What is Iodine 131?
Iodine 131 (131I), also commonly and generally called radioiodine, is a significant radioisotope of iodine. It has a radioactive decay in half life of around eight days.
Owing to its mode of beta decomposition, iodine 131 is preferred for effecting mutation and death in cells that it enters into, and other cells up to a few millimeters away. For this reason, sometimes the high doses of the isotope are less detrimental than low doses, since they seek to eliminate thyroid tissues that would otherwise turn cancerous because of the radiation.
The Applications of Iodine 131 tungsten radiation shielding
Tungsten alloy possesses optimal radiation attenuation characteristics, enabling to reduce the thickness of shields, while still efficiently clogging detrimental X-ray and gamma radiation. Tungsten alloy shielding is the preferred solution for Iodine 131 tungsten radiation shielding.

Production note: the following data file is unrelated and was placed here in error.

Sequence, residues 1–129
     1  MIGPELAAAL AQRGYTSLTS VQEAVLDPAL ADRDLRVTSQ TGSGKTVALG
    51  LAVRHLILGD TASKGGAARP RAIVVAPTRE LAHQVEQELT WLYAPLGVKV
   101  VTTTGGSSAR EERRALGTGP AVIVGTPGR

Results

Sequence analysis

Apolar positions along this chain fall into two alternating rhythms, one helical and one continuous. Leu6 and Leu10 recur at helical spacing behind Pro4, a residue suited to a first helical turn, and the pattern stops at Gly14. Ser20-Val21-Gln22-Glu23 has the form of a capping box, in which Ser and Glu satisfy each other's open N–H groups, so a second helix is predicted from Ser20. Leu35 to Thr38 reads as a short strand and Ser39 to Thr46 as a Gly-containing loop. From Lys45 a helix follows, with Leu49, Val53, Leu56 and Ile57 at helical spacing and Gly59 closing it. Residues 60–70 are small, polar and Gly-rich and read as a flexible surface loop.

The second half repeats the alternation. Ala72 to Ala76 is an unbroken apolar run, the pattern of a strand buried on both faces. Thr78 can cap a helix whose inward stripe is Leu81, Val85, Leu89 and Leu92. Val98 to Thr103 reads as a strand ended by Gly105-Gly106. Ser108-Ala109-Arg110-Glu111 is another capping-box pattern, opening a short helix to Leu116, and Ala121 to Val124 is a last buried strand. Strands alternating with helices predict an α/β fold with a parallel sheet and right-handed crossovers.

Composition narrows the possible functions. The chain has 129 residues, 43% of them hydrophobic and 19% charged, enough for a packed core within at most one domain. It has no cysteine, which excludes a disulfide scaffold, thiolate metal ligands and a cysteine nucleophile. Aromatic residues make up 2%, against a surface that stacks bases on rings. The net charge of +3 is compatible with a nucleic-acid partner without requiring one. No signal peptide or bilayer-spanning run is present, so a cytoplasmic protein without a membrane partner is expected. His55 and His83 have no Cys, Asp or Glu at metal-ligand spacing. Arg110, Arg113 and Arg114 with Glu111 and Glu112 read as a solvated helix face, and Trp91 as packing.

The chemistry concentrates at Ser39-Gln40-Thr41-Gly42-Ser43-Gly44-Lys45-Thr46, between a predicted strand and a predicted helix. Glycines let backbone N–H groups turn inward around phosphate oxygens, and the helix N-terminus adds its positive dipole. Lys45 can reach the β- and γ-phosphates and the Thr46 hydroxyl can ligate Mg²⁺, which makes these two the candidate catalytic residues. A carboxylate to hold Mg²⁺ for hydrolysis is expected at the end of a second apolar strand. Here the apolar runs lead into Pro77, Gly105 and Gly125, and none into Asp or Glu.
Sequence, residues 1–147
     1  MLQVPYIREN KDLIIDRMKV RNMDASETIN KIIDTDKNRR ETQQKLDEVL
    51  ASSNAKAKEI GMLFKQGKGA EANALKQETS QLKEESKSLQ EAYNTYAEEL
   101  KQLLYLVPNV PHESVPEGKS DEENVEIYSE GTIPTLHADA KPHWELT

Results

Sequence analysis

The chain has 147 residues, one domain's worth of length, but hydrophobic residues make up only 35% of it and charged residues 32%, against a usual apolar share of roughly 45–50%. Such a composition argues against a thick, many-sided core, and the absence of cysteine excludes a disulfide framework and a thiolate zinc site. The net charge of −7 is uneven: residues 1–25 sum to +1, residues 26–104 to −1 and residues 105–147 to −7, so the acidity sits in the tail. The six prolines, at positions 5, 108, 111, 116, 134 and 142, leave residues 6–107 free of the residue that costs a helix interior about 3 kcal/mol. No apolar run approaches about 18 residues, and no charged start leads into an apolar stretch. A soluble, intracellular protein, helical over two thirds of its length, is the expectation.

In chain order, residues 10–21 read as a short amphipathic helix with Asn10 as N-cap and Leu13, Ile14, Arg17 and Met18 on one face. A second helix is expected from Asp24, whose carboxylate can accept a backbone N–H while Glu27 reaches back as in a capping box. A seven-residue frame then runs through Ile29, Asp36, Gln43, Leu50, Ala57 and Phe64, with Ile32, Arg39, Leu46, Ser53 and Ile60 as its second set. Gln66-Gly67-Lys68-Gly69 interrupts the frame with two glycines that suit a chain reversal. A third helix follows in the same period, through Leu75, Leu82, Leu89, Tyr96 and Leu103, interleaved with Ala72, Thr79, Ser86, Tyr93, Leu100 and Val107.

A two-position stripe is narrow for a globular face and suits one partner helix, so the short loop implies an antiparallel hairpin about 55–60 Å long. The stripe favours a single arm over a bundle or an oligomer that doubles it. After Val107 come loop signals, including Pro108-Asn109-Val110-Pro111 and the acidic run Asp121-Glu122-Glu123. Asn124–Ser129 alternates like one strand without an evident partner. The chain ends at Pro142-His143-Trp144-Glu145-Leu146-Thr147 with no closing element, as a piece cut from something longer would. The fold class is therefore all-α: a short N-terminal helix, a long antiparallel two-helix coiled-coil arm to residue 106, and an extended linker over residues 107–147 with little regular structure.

Iodine 131 tungsten radiation shielding is related to production of natural gas, nuclear energy, medical diagnostic and treatment procedures.
It also serves as a radioactive isotope found in nuclear fission products, and is a substantial contributor to the health risk from open-air atomic bomb. Iodine 131 tungsten radiation shielding is applied therapeutically in nuclear medicine as well as in diagnostic scanners. Owing to the application of the 1311 as iodide salt makes the best use of the mechanism of soaking iodine by the normal cells of the thyroid gland, Iodine 131 tungsten radiation shielding is also employed in 131I treatment of thyrotoxicosis (hyperthyroidism) as well as the types of thyroid cancer that soaks iodine.
Why Use Iodine 131 tungsten radiation shielding?
The benefits of tungsten alloy :
At the time of design of shielding, tungsten alloy radiation shielding is measured as per the requirements of shield to cut down the multiple thickness of shielding materials.
Formula: K = e0.693 d / 1/2
K: Shield weakened multiple
1/2: The tungsten alloy radiation shielding material possesses the half layer value